Magazine article Sunset

A House of Independent Means

Magazine article Sunset

A House of Independent Means

Article excerpt

Sun, wind, and propane are all that power a house in Northern California, with no compromise on amenities

No power, gas, or water lines run to Anoosh and Kija Mizany's hillside home in Nicasio, California. No monthly electric bills arrive in the mail. With the exception of a telephone line, the Marin County house stands - in the lingo of the solar power community - "off the grid" of public utility power lines. The Mizanys use the sun and the wind to meet most of the energy needs in their 4,500-square-foot house.

Unlike many of the experimental solar homes built in the 1970s and 1980s, the Mizanys' house gives little outward hint of its energy independence. With a composition shingle roof, plywood siding, landscaped grounds, and a swimming pool, the house looks like a traditional ranch-style home. Inside, the appearance and amenities show no compromise on comfort: high ceilings, indirect lighting, ceiling-mounted down lights, a full kitchen with a pair of refrigerators, a central vacuum system, a whirlpool-style bathtub, televisions, stereos, tile and wooden surfaces over radiant-heated floor systems, and a three-car garage with automatic openers.

However, you can't help but notice the array of solar panels on the south-facing roofs of the garage and main house. Panels on the house are solar thermal panels for the hydronic system that heats water for the pool, domestic use, and the radiant floor, and the ones on the garage are state-of-the-art photovoltaic (PV) panels, which convert sunlight to direct-current electricity. The 50 PV panels combine to make a self-contained mini-power station that can produce 15 kilowatt-hours of power a day in summer months and about 8 in winter months.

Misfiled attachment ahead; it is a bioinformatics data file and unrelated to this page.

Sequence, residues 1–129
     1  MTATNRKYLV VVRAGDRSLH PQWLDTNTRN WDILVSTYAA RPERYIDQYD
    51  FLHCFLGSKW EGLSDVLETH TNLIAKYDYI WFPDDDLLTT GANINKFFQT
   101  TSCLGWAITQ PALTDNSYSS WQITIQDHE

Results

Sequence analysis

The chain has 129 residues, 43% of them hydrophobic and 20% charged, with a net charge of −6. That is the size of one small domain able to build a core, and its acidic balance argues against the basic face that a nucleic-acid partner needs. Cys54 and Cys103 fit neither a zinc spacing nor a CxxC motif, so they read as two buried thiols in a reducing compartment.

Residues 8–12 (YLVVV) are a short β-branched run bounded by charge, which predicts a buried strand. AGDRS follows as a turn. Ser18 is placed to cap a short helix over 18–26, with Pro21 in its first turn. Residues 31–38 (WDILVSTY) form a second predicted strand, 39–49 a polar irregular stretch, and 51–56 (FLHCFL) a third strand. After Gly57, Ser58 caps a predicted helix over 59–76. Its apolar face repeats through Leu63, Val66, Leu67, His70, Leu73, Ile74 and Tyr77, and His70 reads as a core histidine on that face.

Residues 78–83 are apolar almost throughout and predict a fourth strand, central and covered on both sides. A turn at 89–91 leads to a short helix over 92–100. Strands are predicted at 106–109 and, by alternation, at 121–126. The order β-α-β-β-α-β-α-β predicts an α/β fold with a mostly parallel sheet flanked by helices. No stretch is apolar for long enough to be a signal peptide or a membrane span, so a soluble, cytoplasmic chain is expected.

Elsewhere on the property are smaller arrays of PV panels that power the pool filtration pump and a pump that brings well water to two 1,700-gallon storage tanks buried uphill from the house (the elevation change creates the water pressure). In addition, two wind-driven generators rising from the hillside site contribute 3 to 5 kilowatt-hours of power during windy days - enough to run the Mizanys' two energy-efficient refrigerators for 48 hours.

None of this power comes cheap. Anoosh Mizany estimates the cost of panels, additional equipment, control panels, storage batteries, and a backup generator to be about $45,000. However, the cost of bringing the local utility service to the remote site would have been twice as high. …

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